Corporate milch-cows take hard look at LDP: Donors' dilemma as Japanese ruling party faces stern poll test

MONEY doesn't talk in Japanese politics. It shouts, very loud and very far. At election time in particular, the ruling Liberal Democratic Party (LDP) is like a huge shuddering cash register, spewing out money to campaigners, party hacks and hangers-on across the country.

At the last general election in 1990, the LDP is estimated to have indulged in a spending orgy that came close to pounds 250m.

Most of the money comes from Japanese corporations but they now face a dilemma: should they continue to pump billions of yen into the LDP, which they have bankrolled for 40 years, knowing that this time it might lose the coming election?

A surprisingly public argument has broken out among the leaders of industry over political funding.

Gaishi Hiraiwa, who heads the Keidanren, the Federation of Economic Organisations, which is Japan's single most powerful business lobby, has said they will continue to fund the LDP as before. Last year Keidanren members gave the party 13bn yen ( pounds 78m).

But other groupings of executives, of employers' associations and regional business chambers have disagreed, arguing that their funding should be split between the governing and opposition parties.

'The LDP and also parties with similar policies will be receiving support from the business community,' said Osamu Uno, head of the Kansai Economic Federation, based in Osaka, central Japan. It is noteworthy that the issue is merely how political donations should be shared out: there is no suggestion that business should scale back the amount it spends on politicians, even in the current climate of 'political reform'.

The LDP's credit-rating has declined with banks, which last week refused to lend the party the Y20bn it asked for to fund its campaigning.

The banks fear that if the LDP loses the election, it will not receive the usual amount of corporate donations it has used in the past to pay back loans. Instead, a consortium of 10 of the nation's top banks will probably authorise a loan of Y15bn.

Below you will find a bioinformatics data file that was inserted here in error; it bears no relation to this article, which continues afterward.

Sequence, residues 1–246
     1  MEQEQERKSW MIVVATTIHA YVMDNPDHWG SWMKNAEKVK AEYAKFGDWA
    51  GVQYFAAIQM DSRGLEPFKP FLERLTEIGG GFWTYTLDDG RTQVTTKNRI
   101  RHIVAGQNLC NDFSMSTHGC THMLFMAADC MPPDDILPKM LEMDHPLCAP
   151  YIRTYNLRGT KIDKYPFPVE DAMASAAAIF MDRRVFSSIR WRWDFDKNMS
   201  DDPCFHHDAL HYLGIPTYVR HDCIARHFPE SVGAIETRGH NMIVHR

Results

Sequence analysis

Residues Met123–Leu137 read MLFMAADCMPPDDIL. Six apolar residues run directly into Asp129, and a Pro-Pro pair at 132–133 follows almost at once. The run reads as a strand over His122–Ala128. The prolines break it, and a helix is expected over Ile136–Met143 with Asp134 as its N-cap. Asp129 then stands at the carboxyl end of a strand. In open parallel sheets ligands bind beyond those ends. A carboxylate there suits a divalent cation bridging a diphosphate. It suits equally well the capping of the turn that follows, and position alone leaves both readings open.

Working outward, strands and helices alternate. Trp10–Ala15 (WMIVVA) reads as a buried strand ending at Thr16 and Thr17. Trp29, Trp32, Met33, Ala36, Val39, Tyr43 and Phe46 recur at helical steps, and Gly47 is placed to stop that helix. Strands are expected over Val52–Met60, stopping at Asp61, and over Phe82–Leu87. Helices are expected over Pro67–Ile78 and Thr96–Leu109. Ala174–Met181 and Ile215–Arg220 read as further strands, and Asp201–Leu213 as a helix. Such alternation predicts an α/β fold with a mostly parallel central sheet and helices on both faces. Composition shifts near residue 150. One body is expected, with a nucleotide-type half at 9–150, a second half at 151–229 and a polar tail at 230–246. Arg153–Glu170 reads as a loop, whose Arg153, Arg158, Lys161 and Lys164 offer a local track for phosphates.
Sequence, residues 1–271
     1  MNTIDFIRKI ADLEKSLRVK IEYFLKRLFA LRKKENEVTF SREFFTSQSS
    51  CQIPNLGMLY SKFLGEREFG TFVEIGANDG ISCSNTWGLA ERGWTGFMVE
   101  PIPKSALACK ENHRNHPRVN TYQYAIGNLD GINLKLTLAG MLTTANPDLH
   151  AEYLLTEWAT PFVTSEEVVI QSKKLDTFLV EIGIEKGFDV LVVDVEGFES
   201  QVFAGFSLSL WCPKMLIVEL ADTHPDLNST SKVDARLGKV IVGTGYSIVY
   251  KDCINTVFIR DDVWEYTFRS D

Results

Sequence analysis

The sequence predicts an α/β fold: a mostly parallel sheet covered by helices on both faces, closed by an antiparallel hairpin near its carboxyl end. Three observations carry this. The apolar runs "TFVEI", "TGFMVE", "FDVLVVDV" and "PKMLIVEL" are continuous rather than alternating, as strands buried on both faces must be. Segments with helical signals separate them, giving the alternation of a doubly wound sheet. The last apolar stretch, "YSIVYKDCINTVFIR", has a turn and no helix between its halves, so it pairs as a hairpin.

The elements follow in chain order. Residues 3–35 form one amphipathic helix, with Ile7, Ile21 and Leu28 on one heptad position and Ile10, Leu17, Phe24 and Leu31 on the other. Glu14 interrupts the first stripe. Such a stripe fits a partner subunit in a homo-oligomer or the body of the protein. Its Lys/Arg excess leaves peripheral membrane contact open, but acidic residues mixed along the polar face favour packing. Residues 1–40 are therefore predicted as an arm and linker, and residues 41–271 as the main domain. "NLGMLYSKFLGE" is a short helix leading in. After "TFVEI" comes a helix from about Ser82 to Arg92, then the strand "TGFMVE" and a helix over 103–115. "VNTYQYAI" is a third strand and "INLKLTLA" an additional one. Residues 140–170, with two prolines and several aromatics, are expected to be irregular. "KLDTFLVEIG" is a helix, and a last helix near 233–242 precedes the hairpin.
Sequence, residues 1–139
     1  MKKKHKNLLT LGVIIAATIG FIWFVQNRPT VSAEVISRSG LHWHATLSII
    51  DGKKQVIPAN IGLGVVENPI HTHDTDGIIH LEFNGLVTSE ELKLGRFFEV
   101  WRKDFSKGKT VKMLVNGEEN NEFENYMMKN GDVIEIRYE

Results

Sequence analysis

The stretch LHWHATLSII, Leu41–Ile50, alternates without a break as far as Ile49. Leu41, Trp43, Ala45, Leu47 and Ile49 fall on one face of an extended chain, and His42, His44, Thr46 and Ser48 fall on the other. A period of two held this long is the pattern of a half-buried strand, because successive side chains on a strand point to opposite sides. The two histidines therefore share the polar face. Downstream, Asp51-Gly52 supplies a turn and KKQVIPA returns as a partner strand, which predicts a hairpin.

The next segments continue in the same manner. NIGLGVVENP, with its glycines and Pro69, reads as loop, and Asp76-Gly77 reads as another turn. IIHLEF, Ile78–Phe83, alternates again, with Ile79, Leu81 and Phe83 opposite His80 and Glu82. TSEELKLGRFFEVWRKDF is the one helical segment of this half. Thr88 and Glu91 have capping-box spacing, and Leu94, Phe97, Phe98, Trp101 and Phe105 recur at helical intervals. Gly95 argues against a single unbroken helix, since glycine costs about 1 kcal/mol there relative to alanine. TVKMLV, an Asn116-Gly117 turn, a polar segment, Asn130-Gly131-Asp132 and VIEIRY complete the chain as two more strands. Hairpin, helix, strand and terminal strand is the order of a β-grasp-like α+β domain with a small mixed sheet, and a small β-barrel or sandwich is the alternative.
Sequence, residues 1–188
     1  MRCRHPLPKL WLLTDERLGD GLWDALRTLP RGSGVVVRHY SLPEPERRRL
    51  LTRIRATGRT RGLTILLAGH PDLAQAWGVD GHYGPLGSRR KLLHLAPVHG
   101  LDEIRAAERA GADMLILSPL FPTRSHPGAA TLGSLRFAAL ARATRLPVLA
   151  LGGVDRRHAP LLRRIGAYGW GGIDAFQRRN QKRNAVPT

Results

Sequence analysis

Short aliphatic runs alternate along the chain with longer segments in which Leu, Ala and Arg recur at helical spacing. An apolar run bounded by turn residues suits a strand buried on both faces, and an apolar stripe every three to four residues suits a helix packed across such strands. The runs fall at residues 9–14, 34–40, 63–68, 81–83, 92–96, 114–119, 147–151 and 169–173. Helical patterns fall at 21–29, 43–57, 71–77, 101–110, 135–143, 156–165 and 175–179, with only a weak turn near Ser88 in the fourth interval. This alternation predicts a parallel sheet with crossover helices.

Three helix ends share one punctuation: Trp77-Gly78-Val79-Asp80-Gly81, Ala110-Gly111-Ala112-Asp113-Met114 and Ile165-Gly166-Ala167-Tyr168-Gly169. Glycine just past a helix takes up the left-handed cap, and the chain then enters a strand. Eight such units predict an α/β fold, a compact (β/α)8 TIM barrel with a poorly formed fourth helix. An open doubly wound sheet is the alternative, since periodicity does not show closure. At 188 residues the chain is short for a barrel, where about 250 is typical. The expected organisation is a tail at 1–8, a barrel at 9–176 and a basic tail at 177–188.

The LDP's chances of holding on to the parliamentary majority it has enjoyed since 1955 looked even slimmer yesterday as five opposition parties reached an agreement to co-operate in the elections in an anti-LDP bloc. The coalition was organised by Tsutomu Hata, the former finance minister who led the revolt against the Prime Minister, Kiichi Miyazawa, in parliament 10 days ago.

Mr Hata has since set up the Shinsei, or New Life party, and yesterday he was joined by the Socialists, the Komei party and two smaller opposition parties eager to end the LDP's monopoly on power. The ruling party knows it is fighting for its life. With no new policies or ideas to attract voters, it is resorting to the kind of politics it knows best: kinken seiji, or money politics, which has served it so well in the past.

Yesterday in Tokyo's municipal elections, the LDP added two seats to the 42 it held in the city's 128-member assembly, but the Kyodo news agency said its performance indicated the party was heading for a serious setback in the general election on 18 July.

The fund-raising dinners have already got under way. On Thursday members of the LDP's second-largest faction, led by Hiroshi Mitsuzuka, held a party in a Tokyo hotel for 2,000 guests, with tickets at Y30,000 a head.

The LDP is not alone in rushing to raise money: even Mr Hata's Shinsei party is out looking for funds. Coincidentally, the Shinsei party was holding a fund-raiser in a hotel across the road from Mr Mitsuzuka on Thursday: tickets were Y20,000 a head, and some 900 people turned up.

Mr Hata had been asked earlier in the week whether he would not turn away from the money politics that he had criticised in his old party. 'Frankly speaking, because we still have to fight in the system we ultimately want to abolish, each of us has to struggle for financing,' he answered, ever the realist.